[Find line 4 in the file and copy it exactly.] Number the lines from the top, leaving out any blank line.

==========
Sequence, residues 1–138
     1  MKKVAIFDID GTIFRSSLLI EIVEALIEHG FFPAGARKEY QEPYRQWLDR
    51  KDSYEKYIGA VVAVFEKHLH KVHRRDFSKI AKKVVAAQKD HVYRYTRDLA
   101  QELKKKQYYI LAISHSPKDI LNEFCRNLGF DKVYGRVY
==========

   101  QELKKKQYYI LAISHSPKDI LNEFCRNLGF DKVYGRVY